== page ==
# Betti numbers of unordered configuration spaces of small graphs

The purpose of this document is to provide data about known Betti numbers of unordered configuration spaces of small graphs in order to guide research and avoid duplicated effort. It contains information for connected multigraphs having at most six edges which contain no loops, no bivalent vertices, and no internal (i.e., non-leaf) bridges.

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## Introduction

The purpose of this document is to provide data about known Betti numbers of unordered configuration spaces of small graphs in order to guide research and avoid duplicated effort.

It contains information for connected multigraphs having at most six edges which contain no loops, no bivalent vertices, and no internal (i.e., non-leaf) bridges. For each such graph there is a table of Betti numbers for configurations of small numbers of points along with Poincaré series which encode Betti numbers for all larger numbers of points. Because the Poincaré series are rational functions, this means that for fixed and , the sequence of th Betti numbers of is eventually polynomial in the number of points in the configuration. For the reader’s convenience, the stable polynomial is also indicated.

The enumeration of the graphs in question was done by hand and verified using Richard Mathar’s preprint [Mat17, Table 61]. The core homology computation was done using Macaulay2 [GS].

The approach uses the fact that the chains of the unordered configuration spaces of a graph are a differential graded module over a polynomial ring with variables the edges of the graph. The calculation is simplified further by a presentation of this differential graded module as the tensor product of finitely generated models for local configurations at the vertices of the graph. This picture was pioneered by Świątkowski

[Świ01]; the action by the polynomial ring was described in [ADCK19] and analyzed in [ADCK18]. Other related work includes the following.

1. Ko and Park [KP12] calculated the first Betti numbers for all graphs.

2. Ramos [Ram18] calculated all Betti numbers for trees. For trees all values are stable. In this document, this includes the graphs with fewer than two essential vertices.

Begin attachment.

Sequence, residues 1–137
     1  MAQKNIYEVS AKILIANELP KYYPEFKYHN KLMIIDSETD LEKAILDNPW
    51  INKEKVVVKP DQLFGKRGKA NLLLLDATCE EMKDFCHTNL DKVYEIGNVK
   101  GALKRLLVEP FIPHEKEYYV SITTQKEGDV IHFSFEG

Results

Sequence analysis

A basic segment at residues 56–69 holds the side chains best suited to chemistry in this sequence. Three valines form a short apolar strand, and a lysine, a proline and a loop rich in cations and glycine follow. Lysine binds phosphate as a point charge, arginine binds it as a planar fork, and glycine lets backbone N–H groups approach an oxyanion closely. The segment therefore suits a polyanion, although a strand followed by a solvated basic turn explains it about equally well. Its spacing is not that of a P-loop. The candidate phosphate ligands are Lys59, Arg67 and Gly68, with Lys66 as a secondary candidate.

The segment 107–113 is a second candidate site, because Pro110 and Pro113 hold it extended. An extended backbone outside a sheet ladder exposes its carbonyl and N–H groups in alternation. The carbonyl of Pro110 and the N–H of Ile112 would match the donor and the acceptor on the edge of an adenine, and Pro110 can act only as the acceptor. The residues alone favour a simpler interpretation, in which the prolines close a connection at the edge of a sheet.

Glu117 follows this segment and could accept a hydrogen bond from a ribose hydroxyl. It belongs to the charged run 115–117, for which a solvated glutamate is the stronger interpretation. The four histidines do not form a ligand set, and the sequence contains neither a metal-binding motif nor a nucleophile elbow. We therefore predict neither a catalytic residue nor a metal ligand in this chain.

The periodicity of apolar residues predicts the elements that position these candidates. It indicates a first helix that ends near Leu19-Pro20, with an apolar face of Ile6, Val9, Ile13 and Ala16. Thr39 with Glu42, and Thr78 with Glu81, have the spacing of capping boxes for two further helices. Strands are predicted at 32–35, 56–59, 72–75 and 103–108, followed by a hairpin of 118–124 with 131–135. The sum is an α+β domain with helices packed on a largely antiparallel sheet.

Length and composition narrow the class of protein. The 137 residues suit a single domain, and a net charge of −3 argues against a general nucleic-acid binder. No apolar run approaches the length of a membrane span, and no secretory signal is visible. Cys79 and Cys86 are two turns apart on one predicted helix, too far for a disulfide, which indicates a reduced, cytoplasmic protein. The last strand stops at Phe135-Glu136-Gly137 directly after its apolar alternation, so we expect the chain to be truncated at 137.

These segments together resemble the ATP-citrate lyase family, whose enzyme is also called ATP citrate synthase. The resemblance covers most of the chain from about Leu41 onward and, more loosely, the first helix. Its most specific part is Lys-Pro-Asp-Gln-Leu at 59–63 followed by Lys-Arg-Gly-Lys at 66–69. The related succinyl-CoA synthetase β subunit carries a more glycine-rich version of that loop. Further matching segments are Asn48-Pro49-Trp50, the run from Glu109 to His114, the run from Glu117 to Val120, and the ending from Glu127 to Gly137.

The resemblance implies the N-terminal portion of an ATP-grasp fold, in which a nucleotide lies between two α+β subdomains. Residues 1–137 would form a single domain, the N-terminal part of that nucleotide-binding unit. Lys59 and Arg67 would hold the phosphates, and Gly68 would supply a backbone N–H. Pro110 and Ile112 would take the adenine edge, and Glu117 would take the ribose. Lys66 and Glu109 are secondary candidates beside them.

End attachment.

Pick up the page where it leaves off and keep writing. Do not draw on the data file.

3. Maciążek and Sawicki [MS18] calculated all Betti numbers for theta graphs. In this document, this data is reproduced in a different form in the section for graphs with precisely two essential vertices.

A web version of this document is available here.

### Reducing to the kinds of graphs considered here

Betti numbers for unordered configuration spaces of graphs with loops can be obtained by reducing to loop-free graphs with the same number of edges [ADCK18, Lemma 4.6]. Betti numbers for unordered configuration spaces of loop-free graphs with bivalent vertices can be obtained from such information for graphs without bivalent vertices (smoothing bivalent vertices is a homeomorphism and thus does not affect the configuration spaces). Betti numbers for unordered configuration spaces of disconnected graphs can be obtained combinatorially from the counts for connected graphs by summing over all ways of partitioning the desired number of points among the path components (this is true for any locally path-connected topological spaces and is not particular to graphs). Betti numbers for unordered configuration spaces of graphs with internal bridges can be obtained in a similar combinatorial manner from such information for the graphs obtained by cutting the edge into two leaves [ADCK19, Proposition 5.22]

The graphs are organized by the number of essential (valence at least three) vertices. They are presented both with images and with adjacency matrices. The number of essential vertices also gives the maximal homological degree of the unordered configuration spaces of a graph; as long as there is at least one essential vertex, this maximal degree is realized for configuration spaces of sufficiently many points (uniformly, twice the number of essential vertices is always enough to realize the maximal degree). The graphs are enumerated essentially at random within the grouping by number of essential vertices. Unstable values are indicated in bold. All values not explicitly included in the tables of data are stable and are calculated by the indicated stable polynomial value.